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Asia Unbound

CFR experts give their take on the cutting-edge issues emerging in Asia today.

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Showing posts for "Indonesia"

Jokowi’s Short Trip to Washington

by Joshua Kurlantzick
jokowi-visit-obama-meeting U.S. President Barack Obama (R) and Indonesia's President Joko Widodo (L) shake hands after their meeting in the Oval Office at the White House in Washington on October 26, 2015. Widodo will return earlier than planned from his official trip to the United States due to a haze crisis at home, a palace official said on Monday. (Jonathan Ernst/Reuters)

Indonesian President Joko “Jokowi” Widodo’s visit to the United States was cut short this week. Jokowi decided to return to Indonesia less than halfway through his trip to America in order to deal with the haze crisis in Indonesia. Parts of Sumatra and Kalimintan have been devastated by the haze, which is closing businesses and causing hundreds of thousands of respiratory ailments. Jokowi will “possibly fly directly to the haze-devastated provinces of South Sumatra or Central Kalimantan…He made the decision [to cut the trip short] after he received news that conditions in these provinces had deteriorated over the last two days,” the Straits Times reported. Read more »

How Jokowi Could Solidify Reforms

by Joshua Kurlantzick
jokowi-economic-reforms Indonesia's President Joko Widodo (L) prepares at the start of cabinet meeting as State-owned enterprises minister Rini Soemarno walks past at the presidential palace in Jakarta, Indonesia, on September 29, 2015. (Darren Whiteside/Reuters)

Since August, when Indonesian President Joko “Jokowi” Widodo reshuffled his cabinet, and then promised a wave of new deregulatory reforms, it has appeared that the president finally was going to embark upon serious policy changes. Jokowi had been criticized by Indonesian commentators, during most of his first term as president, for offering mixed and sometimes directionless policy messages. But his new team of ministers includes a new chief of staff renowned as a corruption-fighter, as well as a respected former central banker as his new head economic minister. Read more »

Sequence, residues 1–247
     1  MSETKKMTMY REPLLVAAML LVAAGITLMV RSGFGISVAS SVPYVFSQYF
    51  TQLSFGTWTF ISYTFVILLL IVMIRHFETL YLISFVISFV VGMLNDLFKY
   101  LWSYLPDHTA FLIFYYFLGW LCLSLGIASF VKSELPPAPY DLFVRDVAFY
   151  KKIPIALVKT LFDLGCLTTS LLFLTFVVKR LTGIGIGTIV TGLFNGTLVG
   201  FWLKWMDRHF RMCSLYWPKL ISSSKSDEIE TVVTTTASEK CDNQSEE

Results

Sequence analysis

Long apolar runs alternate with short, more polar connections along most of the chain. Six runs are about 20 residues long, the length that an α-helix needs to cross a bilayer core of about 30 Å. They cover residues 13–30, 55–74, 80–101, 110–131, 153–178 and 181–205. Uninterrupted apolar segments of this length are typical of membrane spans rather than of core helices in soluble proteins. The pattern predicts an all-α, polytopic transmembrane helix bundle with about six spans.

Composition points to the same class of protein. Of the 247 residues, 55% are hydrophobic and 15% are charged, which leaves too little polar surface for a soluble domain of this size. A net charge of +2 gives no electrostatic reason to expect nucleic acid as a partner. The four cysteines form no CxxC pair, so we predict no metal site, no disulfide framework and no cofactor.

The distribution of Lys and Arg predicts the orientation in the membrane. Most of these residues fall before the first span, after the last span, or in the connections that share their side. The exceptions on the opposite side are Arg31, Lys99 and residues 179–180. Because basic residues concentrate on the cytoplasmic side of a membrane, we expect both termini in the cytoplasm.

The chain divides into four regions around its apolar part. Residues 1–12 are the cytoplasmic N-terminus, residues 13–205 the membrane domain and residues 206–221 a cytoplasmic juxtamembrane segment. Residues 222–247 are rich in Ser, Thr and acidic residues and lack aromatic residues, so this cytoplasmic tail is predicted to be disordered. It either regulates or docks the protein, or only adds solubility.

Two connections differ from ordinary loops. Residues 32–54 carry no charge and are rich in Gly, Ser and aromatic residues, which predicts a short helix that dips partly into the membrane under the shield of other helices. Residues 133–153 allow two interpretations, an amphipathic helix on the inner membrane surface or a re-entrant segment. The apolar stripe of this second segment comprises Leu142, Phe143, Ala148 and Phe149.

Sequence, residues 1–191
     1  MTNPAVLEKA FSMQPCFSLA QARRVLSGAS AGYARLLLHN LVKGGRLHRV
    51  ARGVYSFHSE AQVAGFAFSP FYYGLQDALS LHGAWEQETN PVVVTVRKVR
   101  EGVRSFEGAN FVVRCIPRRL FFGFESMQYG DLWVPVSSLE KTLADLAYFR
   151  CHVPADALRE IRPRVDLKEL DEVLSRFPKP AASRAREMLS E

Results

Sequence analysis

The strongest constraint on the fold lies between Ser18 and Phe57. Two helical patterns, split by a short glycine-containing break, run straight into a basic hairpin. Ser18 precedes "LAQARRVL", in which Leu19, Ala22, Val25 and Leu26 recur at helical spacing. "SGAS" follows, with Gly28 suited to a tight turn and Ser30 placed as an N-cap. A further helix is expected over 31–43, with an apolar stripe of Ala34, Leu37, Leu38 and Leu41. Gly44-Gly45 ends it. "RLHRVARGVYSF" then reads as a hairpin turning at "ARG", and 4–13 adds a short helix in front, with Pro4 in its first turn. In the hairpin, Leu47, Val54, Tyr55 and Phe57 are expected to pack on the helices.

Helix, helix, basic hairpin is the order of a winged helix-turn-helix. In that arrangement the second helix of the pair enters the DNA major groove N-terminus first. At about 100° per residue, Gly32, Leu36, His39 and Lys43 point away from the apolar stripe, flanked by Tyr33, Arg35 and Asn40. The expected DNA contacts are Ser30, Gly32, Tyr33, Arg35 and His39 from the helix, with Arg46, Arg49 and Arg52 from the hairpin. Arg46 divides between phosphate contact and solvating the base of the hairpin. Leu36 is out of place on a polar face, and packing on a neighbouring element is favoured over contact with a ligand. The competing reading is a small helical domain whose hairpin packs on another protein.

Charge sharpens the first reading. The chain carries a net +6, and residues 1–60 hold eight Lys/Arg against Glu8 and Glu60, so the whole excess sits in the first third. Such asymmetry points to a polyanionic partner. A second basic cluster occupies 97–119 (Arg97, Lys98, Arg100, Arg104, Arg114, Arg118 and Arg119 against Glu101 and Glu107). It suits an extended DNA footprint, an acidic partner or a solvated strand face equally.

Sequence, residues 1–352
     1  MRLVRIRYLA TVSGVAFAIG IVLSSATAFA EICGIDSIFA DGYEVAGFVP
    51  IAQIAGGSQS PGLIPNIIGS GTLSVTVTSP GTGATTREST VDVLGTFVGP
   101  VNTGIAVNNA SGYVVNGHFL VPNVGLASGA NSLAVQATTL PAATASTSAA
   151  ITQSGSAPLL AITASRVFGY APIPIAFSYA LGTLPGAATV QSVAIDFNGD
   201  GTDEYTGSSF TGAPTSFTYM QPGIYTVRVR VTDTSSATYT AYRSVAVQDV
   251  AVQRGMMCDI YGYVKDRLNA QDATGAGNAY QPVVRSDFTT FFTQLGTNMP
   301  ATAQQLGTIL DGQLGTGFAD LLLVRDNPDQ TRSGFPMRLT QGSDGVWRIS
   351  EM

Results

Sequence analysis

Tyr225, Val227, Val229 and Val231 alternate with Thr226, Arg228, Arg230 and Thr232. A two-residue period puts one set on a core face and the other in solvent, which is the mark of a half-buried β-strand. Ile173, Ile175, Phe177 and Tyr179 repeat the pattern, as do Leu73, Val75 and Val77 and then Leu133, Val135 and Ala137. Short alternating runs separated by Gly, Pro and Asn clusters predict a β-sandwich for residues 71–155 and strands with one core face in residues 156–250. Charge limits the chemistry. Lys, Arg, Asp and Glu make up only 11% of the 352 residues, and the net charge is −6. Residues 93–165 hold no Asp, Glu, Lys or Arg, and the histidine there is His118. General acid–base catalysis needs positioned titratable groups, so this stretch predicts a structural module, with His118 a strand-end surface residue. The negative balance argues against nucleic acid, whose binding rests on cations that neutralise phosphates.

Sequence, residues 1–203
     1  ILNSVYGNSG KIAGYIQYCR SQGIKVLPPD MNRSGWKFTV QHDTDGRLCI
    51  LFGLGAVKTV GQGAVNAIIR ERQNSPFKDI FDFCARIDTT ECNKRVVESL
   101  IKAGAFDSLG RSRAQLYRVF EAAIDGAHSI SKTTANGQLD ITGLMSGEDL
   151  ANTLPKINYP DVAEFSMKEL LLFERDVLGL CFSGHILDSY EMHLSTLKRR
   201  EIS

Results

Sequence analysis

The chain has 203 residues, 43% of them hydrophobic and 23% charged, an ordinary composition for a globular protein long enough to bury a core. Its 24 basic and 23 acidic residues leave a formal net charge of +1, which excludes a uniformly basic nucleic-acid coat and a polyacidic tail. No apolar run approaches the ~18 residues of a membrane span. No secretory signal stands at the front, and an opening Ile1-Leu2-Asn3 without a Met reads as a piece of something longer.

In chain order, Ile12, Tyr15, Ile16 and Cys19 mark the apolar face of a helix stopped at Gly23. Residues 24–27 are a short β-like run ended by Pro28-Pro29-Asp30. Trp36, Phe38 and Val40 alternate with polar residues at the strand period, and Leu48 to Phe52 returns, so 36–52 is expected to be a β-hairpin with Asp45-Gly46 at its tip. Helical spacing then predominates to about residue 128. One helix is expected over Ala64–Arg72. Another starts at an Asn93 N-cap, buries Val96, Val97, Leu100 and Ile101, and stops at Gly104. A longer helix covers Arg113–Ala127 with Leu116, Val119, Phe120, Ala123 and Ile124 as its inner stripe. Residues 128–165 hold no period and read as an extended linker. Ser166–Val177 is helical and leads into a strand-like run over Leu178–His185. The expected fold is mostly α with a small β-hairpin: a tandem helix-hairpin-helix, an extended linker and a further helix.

President Widodo Comes to Washington

by Joshua Kurlantzick
jokowi-visit Indonesian President Joko Widodo addresses members of parliament in Jakarta, Indonesia on August 14, 2015. (Darren Whiteside/Reuters)

On October 26, Indonesian President Joko Widodo will arrive in Washington for his first U.S. visit as leader of the largest country in Southeast Asia. In advance of and during the visit, Obama administration officials probably will stress the increasingly close ties between Indonesia and the United States, building on the comprehensive partnership signed by the two nations. But in reality, the U.S.-Indonesia relationship has been more of a disappointment than a triumph over the past seven years. Read more »

Friday Asia Update: Top Five Stories for the Week of October 9, 2015

by Guest Blogger for Elizabeth C. Economy
Indonesia-fires Residents carry water as they try to extinguish fires near their homes at Pal 7 village in Ogan Ilir district, Indonesia's South Sumatra province, September 3, 2015. (Nova Wahyudi/Reuters)

Rachel Brown, Lincoln Davidson, Sungtae “Jacky” Park, Ayumi Teraoka, and Gabriel Walker look at the top stories in Asia this week.

1. Raging flames in Indonesia. Intense forest fires have been burning for the past few months on the islands of Sumatra and Borneo, blanketing vast areas of Indonesia, Malaysia, Singapore, and southern Thailand with smoke. Annual but illegal slash-and-burn agricultural practices that spiraled out of control caused the blazes, now amounting to more than 1,000 fire clusters on the islands. Read more »